For those interesting in wetting their feet in the world of robotics without making any investment other than time you should take a look at gazebo-ros. There are many benefits to using simulation tools, especially when learning how to use a new framework. One of the biggest benefits for me is the capability to test out new ideas, algorithms, and even whole new hardware configurations without ever having to commit my physical robot towards these initial tests. Another advantage particularly while first learning a new framework such as ROS is the ability to study the knowledge base and see how things work together by putting it all into simulations. Although I’m clearly biased towards the benefit of simulations, it is easy enough for you to set up and form your own opinions on the matter.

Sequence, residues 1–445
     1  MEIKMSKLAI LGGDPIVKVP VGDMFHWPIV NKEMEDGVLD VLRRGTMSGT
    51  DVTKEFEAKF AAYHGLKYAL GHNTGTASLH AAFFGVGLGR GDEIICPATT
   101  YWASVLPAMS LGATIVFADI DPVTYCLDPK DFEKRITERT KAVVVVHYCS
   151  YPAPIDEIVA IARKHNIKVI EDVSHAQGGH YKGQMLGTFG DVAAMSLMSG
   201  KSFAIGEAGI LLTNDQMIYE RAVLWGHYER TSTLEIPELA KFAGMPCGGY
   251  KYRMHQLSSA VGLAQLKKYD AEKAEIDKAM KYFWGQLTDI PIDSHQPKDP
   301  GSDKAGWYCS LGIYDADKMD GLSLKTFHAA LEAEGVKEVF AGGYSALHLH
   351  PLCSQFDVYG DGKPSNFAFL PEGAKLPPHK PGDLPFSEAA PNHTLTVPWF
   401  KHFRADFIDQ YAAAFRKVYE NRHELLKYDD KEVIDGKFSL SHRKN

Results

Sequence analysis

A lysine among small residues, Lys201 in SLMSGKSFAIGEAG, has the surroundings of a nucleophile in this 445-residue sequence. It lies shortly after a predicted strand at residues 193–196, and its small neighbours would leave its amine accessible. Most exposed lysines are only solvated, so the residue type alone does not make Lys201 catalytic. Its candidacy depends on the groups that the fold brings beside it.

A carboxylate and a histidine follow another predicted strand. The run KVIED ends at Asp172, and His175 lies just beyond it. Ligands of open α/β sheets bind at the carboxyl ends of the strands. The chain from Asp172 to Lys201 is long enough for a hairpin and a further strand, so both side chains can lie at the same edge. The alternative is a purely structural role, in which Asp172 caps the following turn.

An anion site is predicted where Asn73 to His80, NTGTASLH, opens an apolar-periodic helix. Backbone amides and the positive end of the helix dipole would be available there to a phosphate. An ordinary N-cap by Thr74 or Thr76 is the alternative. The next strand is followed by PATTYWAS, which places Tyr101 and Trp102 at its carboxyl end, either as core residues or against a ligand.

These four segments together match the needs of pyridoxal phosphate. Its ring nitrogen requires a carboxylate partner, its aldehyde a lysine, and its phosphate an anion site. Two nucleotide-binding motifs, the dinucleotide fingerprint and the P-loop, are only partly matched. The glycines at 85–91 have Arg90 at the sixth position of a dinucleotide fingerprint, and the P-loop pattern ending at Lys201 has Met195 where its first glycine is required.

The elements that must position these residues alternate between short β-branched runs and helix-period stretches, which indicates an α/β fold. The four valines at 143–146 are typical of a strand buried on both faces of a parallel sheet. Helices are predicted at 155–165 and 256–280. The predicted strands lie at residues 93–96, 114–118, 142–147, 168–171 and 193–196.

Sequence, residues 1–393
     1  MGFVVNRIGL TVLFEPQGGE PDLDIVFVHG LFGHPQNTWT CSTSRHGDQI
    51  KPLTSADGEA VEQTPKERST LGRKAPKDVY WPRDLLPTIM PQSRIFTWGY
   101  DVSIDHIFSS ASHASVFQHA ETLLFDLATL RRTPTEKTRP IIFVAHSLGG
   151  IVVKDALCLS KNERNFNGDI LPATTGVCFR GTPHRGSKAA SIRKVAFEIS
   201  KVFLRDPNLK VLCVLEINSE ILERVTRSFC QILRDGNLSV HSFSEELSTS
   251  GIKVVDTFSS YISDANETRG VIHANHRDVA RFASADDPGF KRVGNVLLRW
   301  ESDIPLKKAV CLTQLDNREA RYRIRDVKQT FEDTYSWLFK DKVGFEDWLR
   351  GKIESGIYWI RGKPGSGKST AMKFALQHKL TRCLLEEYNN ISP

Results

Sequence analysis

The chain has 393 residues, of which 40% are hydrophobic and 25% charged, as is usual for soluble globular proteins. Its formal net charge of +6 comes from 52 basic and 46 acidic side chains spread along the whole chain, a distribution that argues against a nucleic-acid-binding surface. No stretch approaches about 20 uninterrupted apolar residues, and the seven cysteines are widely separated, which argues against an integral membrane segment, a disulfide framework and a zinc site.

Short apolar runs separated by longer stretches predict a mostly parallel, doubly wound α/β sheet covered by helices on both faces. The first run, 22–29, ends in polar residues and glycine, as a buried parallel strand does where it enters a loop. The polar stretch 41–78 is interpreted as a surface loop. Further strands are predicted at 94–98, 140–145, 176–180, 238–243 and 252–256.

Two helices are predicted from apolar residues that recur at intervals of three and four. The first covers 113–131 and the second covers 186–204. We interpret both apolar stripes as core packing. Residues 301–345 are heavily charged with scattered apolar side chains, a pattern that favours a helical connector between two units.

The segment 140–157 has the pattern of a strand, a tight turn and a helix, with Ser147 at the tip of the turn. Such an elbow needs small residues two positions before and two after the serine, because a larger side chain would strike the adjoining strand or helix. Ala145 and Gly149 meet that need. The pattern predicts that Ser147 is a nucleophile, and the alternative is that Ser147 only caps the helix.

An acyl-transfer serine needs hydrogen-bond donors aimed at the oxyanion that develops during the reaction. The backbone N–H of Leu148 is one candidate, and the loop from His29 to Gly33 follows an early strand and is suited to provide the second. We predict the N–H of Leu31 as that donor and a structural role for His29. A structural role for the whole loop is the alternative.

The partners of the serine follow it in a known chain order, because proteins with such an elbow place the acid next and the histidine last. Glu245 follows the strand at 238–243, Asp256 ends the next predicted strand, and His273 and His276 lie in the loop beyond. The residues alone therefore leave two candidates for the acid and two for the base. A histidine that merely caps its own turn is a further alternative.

The field of autonomous robots as a whole still has much room for improvement. There are many unsolved problems such as the kidnapped robot, when a robot is moved while turned off and exploration algorithms still need much improvement. Even though it’s not perfect, robotics are at a stage where working with them is no longer just for pure research. Robots are currently more fleshed out than aviation was when it first became commercialized. As developers, techies, students, and innovators, we can all explore possible applications where a robot would be suitable. Unless we start building robotics applications that serve a real purpose and solve real problems, robots themselves will not come out into mainstream life. Well, except for fighting each other.